Seeing this rejection, James and John are willing to call down fire from Heaven like Elijah, but Jesus says, “No.” and they move on to another village. But not everyone rejects Jesus. On His way to Jerusalem, Jesus meets three unnamed disciples on an unnamed road after leaving the unnamed village.

As they are on their way, the first disciple comes to Jesus and says, “I will follow you wherever you go.” Notice his address. He says, “I will follow,” “I will follow.” The Gospels never record an incident in which someone offers to follow Jesus and successfully becomes a disciple. It doesn’t happen! Both the invitation and the grace to follow are always a gift! We cannot come to faith on our own power. The man brims with self-confidence, and thinks he can follow Jesus. Jesus challenges this self-confidence. He says, “Foxes have holes, and birds of the air have nests, but the Son of Man has nowhere to lay His head.” Jesus says, “Are you willing to follow One Who has less than foxes and birds? Are you willing to risk that? Are you willing to be like Him?” Is the man willing to give up all material comfort and security? Could give up everything, if it called for it? That’s the cost!

As they continue on the way, things change. Jesus sees a person and says, “Follow Me.” The person responds, “Lord, let me first go and bury my father.” Notice his address. He says, “let me first.” “Let me first.” He adds a condition to it, right? It is not his first priority, although he means well. There is an old story of an English official in the East who met a very brilliant young Arab man. He was so brilliant, that he was given a scholarship to Oxford and Cambridge. However, the man refused it all, and said, “I will take it after I have buried my father.” At the time, his father was a little over 40!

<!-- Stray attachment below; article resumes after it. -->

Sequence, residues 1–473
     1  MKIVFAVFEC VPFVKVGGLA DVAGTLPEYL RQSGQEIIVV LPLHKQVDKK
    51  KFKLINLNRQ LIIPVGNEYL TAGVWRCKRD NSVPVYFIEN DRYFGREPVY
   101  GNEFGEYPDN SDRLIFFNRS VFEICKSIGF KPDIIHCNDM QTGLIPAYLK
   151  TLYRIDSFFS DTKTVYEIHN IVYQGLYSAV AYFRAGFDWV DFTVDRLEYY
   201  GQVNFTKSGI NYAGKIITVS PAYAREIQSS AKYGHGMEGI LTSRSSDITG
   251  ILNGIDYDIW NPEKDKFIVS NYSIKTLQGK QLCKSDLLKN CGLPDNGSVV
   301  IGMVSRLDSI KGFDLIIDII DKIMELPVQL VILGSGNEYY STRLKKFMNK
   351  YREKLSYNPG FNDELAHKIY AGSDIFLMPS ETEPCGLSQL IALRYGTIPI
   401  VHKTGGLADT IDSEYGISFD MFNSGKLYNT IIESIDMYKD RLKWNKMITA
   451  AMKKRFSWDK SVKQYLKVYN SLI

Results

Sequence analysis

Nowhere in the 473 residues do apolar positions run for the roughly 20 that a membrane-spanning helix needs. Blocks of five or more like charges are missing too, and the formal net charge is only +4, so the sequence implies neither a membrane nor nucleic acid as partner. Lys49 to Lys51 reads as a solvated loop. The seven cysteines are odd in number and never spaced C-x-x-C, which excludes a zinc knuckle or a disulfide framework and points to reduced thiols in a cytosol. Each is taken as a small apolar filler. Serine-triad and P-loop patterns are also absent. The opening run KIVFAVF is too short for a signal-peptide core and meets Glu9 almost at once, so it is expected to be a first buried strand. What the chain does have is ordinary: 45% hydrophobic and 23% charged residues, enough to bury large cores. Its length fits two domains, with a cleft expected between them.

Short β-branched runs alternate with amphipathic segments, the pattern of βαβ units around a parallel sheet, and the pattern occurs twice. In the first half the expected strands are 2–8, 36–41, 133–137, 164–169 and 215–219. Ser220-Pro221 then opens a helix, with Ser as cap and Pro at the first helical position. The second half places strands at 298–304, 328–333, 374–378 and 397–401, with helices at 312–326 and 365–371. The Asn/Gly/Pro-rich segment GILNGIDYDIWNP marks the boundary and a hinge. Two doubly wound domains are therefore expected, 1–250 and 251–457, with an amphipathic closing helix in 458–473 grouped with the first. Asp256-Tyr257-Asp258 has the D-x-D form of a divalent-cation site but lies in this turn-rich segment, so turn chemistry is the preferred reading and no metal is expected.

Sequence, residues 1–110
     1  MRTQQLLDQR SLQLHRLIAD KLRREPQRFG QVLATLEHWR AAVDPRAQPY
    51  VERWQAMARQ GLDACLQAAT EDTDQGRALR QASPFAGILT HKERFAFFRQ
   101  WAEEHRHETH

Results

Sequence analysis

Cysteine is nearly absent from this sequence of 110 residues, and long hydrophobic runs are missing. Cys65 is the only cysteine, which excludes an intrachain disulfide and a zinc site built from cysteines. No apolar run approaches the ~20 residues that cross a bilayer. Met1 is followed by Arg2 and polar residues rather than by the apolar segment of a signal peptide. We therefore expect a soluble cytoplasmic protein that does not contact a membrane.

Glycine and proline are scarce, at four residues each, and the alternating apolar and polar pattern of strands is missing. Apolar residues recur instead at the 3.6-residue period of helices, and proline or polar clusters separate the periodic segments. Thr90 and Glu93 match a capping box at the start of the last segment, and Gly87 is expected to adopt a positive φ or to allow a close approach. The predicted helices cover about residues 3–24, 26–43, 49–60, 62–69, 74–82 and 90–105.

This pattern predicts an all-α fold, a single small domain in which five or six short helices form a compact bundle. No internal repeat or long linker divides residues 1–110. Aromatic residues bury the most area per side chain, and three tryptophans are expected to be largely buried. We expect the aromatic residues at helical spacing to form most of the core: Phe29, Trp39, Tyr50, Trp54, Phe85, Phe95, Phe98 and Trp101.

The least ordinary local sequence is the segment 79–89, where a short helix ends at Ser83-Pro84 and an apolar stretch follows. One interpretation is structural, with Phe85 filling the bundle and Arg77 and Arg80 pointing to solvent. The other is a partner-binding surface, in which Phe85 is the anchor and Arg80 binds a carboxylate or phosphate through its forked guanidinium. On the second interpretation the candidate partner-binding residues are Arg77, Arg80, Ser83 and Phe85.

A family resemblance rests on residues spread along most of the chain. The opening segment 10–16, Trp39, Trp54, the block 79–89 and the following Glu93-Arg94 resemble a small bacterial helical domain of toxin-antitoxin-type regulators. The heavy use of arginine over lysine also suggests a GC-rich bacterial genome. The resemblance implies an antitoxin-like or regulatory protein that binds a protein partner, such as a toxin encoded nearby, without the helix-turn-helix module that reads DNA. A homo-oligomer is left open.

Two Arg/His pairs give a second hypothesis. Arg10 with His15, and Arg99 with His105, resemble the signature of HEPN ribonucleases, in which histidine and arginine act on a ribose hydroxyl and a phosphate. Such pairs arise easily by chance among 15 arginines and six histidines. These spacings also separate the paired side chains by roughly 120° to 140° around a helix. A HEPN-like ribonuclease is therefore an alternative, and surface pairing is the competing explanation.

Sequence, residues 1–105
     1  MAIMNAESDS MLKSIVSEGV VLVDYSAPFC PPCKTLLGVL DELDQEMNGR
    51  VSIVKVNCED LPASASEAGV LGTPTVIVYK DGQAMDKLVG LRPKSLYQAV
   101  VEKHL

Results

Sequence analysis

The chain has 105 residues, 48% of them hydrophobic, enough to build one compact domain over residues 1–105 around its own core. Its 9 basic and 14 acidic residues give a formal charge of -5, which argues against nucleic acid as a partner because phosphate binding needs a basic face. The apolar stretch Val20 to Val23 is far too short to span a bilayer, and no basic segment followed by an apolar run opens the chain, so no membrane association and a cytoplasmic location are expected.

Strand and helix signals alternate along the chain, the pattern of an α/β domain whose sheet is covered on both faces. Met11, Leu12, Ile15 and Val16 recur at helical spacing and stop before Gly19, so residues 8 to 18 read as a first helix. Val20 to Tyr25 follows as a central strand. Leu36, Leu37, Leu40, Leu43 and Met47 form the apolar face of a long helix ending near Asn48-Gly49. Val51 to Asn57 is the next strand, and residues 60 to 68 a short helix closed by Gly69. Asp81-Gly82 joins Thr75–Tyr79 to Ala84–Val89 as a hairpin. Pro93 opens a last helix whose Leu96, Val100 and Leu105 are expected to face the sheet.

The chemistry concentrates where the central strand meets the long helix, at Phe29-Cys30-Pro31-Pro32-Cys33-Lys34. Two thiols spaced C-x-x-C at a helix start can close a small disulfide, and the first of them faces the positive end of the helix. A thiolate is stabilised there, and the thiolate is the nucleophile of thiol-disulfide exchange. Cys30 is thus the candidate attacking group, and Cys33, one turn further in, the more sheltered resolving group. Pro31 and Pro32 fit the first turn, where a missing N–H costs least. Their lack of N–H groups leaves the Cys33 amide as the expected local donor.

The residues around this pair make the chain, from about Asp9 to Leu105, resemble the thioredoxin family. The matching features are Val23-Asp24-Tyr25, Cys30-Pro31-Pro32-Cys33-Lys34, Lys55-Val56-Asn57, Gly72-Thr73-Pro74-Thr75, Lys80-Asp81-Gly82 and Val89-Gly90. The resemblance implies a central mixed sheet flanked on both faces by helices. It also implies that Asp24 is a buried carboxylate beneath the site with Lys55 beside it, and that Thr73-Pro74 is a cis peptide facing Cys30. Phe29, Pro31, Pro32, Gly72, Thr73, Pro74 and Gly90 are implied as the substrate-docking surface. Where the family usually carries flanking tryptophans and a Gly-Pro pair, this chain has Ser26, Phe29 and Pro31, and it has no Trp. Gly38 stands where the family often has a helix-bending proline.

Jesus responds, “Leave the dead to bury their own dead. But as for you, go and proclaim the kingdom of God.” Jesus says there is a crucial moment in everything, and if the moment is missed, the thing will most likely never be done at all. Wait for the father to die, and bury him? Sometimes following Jesus can push venerated duties and traditions to the background. Following Jesus will result in conflicting loyalties and priorities. In fact, it calls for them to be reorganized. That’s the cost!

There is one more disciple to talk about. This disciple tells Jesus, “I will follow you, Lord, but let me first say farewell to those at my home.” This man is a combination of the two. “I will follow…let me first….” Jesus responds to him by saying, “No one who puts his hand to the plow and looks back is fit for the kingdom of God.” To be honest, I doubt many, and any of us, have ever used a plow. An appropriate comparison would be to mowing. If you keep looking back when mowing, what will happen? Your line will become crooked and you will miss a spot. You could mow through your wife’s garden. You could hit the mailbox or decorative rocks. You can’t look back! It is the same for following Jesus. Jesus says to not look back. Leave the old (sinful) way of life behind, and never go back. Focus on the task ahead and at hand. That’s the cost!

The cost of discipleship is high, isn’t it? It is being willing to give up everything, reorganizing priorities and loyalties, and not looking back. But Jesus is straightforward. He doesn’t have us learn a lesson about cost like the young boy at the beginning of this story did. He tells us directly. Some will reject Jesus. Some will say they can follow Him, but cannot do it on their own power. Others will make excuses or conditions.

What would you say if you were among the unnamed disciples? How might you finish this sentence? “Jesus, I am happy and willing to follow you, as long as….” What is your blank? As long as I have time? As long as things are good financially? As long as I feel better and things are well? As long as I can still do what I want to do, or as long as things aren’t too dangerous.